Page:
Posting content to a blog is very similar to being able to send an HTML-formatted e-mail. You fill out a few fields of text (subject, category, body, etc.), add in some light HTML formatting (web links, bold, underline, etc.), and click on Submit. Boom -- you're done for the day. The text gets automatically published to your blog in the exact look and feel you've pre-selected when you set up the blog.
4) RSS News Feeds = Extended Reach = Larger Audience = More Hits
I won't go into a long discussion of Really Simple Syndication other than to say it allows people to read more of your content in less time and with less effort than manually visiting each site on their daily or weekly mental list. It's a convenience and time management feature that appeals to an initially small percentage of the population, but which is growing at a good rate. Consider this: As people's list of sites in their aggregator is growing quickly, you want to be one of the first ones added so you're near the top of the heap. Early adopters have first mover advantages here.
5) Built-in Search and Content Management Features
Blogs are database-driven web sites. In other words, all of the textual posts on this blog are stored in a database on my web server. The blogging software automatically merges the appropriate text from the database with all of the web-formatted templates created when the blog was initially set up. Having a database on the back end also makes it very easy to search my prior content and categorize posts into one or multiple categories. These features are built into the better blogging systems. Likewise, my blog is set to display the last ten posts on the home page. When I post the eleventh item, the home page is automatically republished to remove the oldest prior post and add it to an archive page that is likewise categorized and fully searchable. Thus I don't have to lift a finger to move content in this fashion, and the cycle repeats for each post I make thereafter. The amazing thing is that this effective content management system is already included as a feature with some blog systems. I've seen law firms spend thousands of dollars on obtaining third party content management systems for their existing web sites. If you're starting from scratch on your web site, you just might want to take this into account.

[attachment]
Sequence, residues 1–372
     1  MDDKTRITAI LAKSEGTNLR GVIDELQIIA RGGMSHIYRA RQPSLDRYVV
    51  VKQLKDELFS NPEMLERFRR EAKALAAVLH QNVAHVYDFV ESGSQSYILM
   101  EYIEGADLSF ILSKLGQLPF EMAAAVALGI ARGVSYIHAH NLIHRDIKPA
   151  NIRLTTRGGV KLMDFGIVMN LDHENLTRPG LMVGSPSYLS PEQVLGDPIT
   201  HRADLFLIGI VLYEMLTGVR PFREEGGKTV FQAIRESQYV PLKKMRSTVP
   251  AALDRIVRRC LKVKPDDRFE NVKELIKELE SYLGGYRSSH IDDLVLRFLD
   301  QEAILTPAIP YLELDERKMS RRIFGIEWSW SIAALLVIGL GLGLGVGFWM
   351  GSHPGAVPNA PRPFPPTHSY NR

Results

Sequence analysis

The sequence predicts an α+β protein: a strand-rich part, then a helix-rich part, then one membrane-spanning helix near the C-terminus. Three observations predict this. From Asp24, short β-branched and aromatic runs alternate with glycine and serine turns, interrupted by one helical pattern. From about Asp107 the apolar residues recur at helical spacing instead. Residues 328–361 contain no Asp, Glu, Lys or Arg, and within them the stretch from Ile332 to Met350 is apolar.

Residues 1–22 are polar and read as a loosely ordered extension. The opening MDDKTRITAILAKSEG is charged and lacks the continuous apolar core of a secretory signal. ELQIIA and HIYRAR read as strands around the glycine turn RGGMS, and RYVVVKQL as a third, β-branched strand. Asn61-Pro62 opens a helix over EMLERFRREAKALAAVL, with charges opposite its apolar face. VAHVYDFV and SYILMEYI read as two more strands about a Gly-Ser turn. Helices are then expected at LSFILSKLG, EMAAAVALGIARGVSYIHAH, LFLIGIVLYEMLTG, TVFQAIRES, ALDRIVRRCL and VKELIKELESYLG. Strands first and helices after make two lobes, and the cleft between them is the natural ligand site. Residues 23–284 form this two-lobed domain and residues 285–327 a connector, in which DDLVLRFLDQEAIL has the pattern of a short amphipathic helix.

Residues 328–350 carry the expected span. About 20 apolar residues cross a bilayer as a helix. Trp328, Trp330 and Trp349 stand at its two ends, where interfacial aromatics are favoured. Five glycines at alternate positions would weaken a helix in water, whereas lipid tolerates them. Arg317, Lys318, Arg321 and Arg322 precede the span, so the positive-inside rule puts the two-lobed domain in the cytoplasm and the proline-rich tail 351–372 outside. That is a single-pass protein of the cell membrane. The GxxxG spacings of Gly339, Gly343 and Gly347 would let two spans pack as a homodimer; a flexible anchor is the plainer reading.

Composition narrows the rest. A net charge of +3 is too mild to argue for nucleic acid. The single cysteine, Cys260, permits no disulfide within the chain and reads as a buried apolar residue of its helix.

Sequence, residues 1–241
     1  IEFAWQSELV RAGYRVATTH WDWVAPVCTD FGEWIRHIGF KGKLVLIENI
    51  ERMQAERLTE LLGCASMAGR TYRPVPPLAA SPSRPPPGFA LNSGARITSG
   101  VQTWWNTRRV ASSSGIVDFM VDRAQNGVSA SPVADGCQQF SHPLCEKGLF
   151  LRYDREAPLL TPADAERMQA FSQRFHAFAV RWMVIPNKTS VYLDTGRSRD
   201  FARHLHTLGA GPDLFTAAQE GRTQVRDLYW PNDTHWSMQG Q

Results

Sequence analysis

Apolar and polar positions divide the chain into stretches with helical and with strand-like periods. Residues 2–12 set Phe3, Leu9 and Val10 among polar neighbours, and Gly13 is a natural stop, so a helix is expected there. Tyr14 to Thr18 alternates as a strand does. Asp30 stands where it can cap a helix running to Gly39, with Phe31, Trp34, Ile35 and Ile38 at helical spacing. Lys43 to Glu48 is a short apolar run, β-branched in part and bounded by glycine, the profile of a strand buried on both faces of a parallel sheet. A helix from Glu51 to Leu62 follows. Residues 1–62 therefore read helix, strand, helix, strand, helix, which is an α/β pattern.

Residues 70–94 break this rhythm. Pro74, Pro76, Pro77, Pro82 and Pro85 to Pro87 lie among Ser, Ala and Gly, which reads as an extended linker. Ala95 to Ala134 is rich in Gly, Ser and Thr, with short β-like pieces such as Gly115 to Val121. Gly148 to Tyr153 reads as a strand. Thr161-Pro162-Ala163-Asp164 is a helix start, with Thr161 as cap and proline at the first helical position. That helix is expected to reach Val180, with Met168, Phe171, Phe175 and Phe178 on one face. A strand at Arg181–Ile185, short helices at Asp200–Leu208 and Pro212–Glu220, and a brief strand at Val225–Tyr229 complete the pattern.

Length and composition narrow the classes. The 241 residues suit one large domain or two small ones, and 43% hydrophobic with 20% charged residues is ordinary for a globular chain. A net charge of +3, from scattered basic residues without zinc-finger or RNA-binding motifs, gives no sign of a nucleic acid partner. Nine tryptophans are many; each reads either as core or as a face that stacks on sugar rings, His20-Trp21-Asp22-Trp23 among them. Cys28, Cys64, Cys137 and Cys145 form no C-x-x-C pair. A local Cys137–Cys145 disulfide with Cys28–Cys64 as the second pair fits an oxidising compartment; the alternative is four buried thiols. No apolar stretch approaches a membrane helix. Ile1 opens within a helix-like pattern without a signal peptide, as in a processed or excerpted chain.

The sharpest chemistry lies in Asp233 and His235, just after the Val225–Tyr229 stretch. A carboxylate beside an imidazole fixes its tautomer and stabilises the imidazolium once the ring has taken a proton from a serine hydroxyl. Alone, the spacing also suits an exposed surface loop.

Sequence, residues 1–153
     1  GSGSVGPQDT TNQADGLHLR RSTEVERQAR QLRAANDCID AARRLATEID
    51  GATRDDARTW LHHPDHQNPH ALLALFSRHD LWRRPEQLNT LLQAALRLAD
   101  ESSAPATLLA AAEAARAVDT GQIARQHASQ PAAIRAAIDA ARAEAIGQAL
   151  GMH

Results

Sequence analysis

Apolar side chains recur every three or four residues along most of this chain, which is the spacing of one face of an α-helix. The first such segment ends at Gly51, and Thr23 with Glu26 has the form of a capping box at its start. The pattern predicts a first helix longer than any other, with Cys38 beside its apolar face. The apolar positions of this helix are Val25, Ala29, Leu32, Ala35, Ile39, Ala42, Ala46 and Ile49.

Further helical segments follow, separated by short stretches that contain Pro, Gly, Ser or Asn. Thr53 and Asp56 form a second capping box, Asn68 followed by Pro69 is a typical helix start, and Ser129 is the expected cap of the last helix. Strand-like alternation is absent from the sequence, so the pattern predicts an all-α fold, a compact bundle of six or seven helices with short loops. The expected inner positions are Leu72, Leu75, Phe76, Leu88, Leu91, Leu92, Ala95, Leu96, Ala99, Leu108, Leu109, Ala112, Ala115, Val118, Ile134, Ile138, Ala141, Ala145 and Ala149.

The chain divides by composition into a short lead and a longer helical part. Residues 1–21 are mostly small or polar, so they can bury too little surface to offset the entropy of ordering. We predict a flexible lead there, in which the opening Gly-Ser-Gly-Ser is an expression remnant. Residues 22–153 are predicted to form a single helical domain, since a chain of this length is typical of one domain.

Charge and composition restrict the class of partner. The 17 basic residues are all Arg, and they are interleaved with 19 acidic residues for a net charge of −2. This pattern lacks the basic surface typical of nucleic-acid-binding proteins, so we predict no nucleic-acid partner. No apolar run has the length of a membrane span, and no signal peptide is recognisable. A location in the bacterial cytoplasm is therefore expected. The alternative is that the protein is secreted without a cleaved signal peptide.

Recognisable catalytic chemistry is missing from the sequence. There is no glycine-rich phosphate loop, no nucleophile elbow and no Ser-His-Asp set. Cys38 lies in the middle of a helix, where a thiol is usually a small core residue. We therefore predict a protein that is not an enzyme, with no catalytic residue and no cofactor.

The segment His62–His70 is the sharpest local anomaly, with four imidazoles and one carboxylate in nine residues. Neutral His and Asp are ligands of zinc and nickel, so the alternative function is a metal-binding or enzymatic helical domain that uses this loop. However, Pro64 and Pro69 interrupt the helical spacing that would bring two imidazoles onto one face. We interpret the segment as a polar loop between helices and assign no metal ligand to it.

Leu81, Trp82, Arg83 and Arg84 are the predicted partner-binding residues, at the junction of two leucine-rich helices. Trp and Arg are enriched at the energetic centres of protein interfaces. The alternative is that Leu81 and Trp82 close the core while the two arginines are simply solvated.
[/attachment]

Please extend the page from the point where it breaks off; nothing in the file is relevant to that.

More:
Now with that said, blogging is not for everyone. If you just want a low-maintenance static or "brochure" web site (which in my humble opinion is of decreasing and limited value these days), and can't devote the time to post new things, then no one is going to visit your blog after the dust settles on it. Of course, don't expect people to return to your static web site either -- which is why I equate it to a simple phone book entry for the web, i.e., a placeholder. Content is King.
Likewise, if your public postings, comments, analysis, etc. can come back to bite you, then extra care is warranted. In a solo situation, you typically have much less of these concerns than if you were in a large firm or corporation -- but they could still exist in some situations.
If you'd like to see a good example of a small firm site leveraged by blogging, check out Erik Heels' site at http://www.lawlawlaw.com.
[Updated 04.01.04 to add section five on search and content management features.]